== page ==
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E d u c a t i o n


My Daddy is Going Away, but That’s Okay…


M


ajor Christopher MacGregor, dad to Ben, 5, and Ellie, 3, was moved to write a poem on his way home from Out of Area. Chris explains how this then inspired him to write a book.


Ironically, it was on the plane coming home that I started to write the poem. The tour had been intense and an incredibly arduous and emotional experience for all of us. At the time, I was writing it for Ben and Ellie with the intention of helping them deal with their ‘separation anxiety’ because, although I was on my way back, I would undoubtedly go away again.


The children missed me very much. Fortunately, their anxieties were generously soothed by their mother. Vicky was able to answer their questions, share their concerns and comfort them through a combination of her maternal instinct and her experience as a Paediatric and Learning Disabilities Nurse. I have a first degree in psychology, so it would be fair to assume that if anyone was ready, set and able to handle with relative ease the emotional cycle of deployment it would surely be the MacGregor family. However, this was not the case!


Knowing you feel sad, or angry, or frightened is not enough; understanding why those feelings are there let us develop strategies to cope. I learnt a great deal from my wife and how she dealt with Ben and Ellie’s questions, tantrums, sulks and the changes in behaviour. But life is never easy – and there were occasions when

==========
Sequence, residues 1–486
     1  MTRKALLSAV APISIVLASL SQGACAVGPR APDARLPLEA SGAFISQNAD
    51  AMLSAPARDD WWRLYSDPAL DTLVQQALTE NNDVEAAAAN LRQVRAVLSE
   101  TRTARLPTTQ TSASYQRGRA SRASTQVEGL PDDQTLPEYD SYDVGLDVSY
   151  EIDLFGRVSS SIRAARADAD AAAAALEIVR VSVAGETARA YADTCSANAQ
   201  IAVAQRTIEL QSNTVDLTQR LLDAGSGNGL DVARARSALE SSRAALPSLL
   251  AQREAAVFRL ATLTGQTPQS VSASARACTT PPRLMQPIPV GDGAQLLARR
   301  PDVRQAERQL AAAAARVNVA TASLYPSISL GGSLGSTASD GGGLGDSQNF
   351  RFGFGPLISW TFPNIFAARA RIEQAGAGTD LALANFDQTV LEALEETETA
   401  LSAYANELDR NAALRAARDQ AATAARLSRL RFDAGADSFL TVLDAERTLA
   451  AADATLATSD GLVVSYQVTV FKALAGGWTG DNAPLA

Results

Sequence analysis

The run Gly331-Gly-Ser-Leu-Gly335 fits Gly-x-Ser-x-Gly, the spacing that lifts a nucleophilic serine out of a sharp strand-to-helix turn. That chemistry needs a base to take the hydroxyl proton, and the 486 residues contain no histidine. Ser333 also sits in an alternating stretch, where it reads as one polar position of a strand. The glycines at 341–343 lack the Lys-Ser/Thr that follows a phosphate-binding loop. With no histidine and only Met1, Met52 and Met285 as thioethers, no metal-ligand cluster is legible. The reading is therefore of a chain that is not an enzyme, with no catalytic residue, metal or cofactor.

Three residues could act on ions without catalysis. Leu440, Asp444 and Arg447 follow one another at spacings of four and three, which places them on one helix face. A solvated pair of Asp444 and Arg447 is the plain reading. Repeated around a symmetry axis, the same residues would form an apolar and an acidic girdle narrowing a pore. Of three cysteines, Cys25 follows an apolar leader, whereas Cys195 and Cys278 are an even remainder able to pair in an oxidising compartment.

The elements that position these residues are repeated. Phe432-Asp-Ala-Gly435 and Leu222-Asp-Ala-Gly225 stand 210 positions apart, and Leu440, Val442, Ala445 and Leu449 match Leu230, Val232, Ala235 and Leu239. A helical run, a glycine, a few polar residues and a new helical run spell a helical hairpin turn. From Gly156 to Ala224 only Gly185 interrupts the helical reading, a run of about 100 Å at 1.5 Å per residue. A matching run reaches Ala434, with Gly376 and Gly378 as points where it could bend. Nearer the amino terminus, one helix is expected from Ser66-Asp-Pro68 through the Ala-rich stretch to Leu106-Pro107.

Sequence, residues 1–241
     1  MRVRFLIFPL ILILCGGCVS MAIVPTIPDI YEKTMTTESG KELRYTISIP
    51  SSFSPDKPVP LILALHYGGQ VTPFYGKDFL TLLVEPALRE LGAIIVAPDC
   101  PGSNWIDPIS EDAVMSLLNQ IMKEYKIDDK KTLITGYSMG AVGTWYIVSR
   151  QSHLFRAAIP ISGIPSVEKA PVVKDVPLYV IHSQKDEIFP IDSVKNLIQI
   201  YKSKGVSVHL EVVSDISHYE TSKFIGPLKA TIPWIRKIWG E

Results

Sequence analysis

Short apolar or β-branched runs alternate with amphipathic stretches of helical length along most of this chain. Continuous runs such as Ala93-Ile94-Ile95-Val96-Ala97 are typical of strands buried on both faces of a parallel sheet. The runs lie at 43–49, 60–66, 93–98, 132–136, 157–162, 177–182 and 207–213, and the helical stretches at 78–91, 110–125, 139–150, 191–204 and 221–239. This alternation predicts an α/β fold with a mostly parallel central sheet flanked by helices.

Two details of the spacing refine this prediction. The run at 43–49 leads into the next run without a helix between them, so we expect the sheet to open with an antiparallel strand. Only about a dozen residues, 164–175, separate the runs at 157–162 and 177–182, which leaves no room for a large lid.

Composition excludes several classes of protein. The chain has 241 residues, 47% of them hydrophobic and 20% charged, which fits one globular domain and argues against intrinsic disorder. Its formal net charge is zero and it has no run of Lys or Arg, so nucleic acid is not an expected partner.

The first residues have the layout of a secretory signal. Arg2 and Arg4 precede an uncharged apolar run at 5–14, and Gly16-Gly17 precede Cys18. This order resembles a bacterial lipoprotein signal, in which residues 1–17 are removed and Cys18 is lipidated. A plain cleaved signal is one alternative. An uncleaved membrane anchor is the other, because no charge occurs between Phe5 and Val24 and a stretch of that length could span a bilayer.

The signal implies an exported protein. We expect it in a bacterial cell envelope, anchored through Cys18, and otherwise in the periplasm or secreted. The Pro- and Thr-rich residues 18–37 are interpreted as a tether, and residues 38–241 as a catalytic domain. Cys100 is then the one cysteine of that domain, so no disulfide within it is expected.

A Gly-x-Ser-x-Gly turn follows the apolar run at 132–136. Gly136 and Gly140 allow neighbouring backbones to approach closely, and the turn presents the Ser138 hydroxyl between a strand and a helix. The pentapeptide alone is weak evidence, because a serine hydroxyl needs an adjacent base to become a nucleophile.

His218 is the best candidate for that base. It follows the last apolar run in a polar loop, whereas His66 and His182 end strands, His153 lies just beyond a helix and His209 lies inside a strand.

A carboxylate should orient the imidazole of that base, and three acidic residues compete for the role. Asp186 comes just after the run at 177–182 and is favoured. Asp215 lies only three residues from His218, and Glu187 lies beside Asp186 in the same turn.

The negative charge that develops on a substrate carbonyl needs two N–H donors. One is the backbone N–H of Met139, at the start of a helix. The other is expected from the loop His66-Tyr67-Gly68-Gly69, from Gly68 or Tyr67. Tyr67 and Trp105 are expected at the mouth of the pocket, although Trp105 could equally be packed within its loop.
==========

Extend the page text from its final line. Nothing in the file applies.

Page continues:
Ben and Ellie became real handfuls. They found it especially difficult in the early days when I would be coming and going. For them, this was more difficult to handle than when I finally deployed.


It occurred to me that if Vicky and I


found it difficult so must other parents. Having commanded over 100 soldiers, with over 50 children between them, in what was an intense operational tour, I noticed common themes:


• Daddies who have happy families at home are better able to cope with the stresses of their profession. And the children cope better too.


• Children who are offered an explanation, told it is not their fault and that Daddy will still love and care about them, will be better adjusted...at least in theory!


• Mums who understand the emotional shifts they feel, and see in their children, are better able to cope with the added strains.


There is a huge sense of pride in having published the book and top it all, Prince Charles wrote the Foreword!


To find out more about Chris’ book or to order go to: www.mydaddysgoingaway.com


24


Spring 2010


www.raf-ff.org.uk


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